Simons Diary

Israel 2002

Day 9

 

The end of my visit here is drawing near. I'm going home to a very busy and important time in my life, but even so I'm looking forward to getting back. I'm writing this from our hotel room which I have to say feels very restrictive. Basically this is because there isn't an internet connection in the room, and Unreal Tournament does not play well on my lap top.

Todays itinery was to go to a memorial for my fathers brother and then to come back to Tel Aviv. As with most things here it's the setting that interests me. So it was with the journey to the memorial that my attention was drawn to an issue that Ohad had brought up the other day when he popped in for lunch. He had just read an article in a news paper that was about the "Beduin time bomb". For the last three years I have been told by Israelis that Beduin Arabs, who traditionally have a nomadic existence pass through Israel and are generally seen as a benign group. This year there's been a change in the attitude towards them. Now it seems that tens of thousands of Beduins are camping permanently on land that is not theirs, and then building on the land. Eviction orders are so costly to enforce, sometimes requiring up to 600 police officers, that so far the "squatters" have got away with it. The Israelis feel threatened at their boarders, threatened by their Arab township occupants, pinned down by world opinion and now the Beduins are apparently changing centuries of tradition in an act of subtle colonisation. Add to this a weak economy, and a belief that through population growth the Israeli Arabs will shortly out number the Jewish ones and you get a glimpse of the general feeling welling up in the Israeli general mentality. What I continued to write on this subject got quite heavy so if you wish to read it click on this line if not continue scrollong downwards.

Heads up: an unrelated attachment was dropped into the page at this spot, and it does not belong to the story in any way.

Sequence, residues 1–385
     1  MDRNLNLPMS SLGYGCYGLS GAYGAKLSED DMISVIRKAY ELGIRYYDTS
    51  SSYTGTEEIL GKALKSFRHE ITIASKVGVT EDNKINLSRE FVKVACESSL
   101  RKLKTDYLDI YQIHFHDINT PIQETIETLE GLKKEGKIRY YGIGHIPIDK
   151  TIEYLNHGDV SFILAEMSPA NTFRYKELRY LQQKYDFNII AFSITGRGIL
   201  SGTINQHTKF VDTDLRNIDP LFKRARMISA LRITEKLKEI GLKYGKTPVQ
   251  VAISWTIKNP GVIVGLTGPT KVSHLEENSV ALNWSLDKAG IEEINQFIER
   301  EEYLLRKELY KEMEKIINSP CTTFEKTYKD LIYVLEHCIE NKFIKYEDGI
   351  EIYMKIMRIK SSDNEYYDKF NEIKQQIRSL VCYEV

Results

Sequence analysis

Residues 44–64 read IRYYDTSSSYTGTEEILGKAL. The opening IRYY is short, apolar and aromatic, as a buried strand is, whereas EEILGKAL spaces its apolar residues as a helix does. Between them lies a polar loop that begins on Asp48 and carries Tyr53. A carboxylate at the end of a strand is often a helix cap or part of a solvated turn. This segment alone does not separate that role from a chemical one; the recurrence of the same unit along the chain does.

Jonathon in the car outside Eddie's house.
(Notice the lardge cockeral statue between the trees
- every year we run through the same Benny Hill jokes about it-.)

We were already late setting off from Arad and halfway into our journey Jonathan declared that without an ice cream from McDonalds he would surely die.


McDonald's Israeli style, notice to the left rocket launchers under camouflage

 


Jonathon waiting to have his spoon cleaned

I sat their tutting until Jonathan got the ice cream then I had to have a bit. I saw the disgust on Jonathan's face as I ate the ice cream from his plastic spoon. He is a Virgo, Virgo's are particularly in to clenliness and hypachondria, he asked Miri to wipe the spoon clean for him, which just goes to prove astrology is true! I said "you're not going to like kissing girls if you're so fussy." he said "ice cream is not the same as girls". I could feel a recital of one of those email jokes you get where numerous similarities are pointed out between sex and chocolate, or men and rats, or ice cream and girls, but I thought better of poisoning such a young mind with my own cynicism.

 


An army patrol having a picnic (A Mcdonald's no doubt)

 


A mosque in an Arab town we
passed through on the way.


Kids playing in an Arab town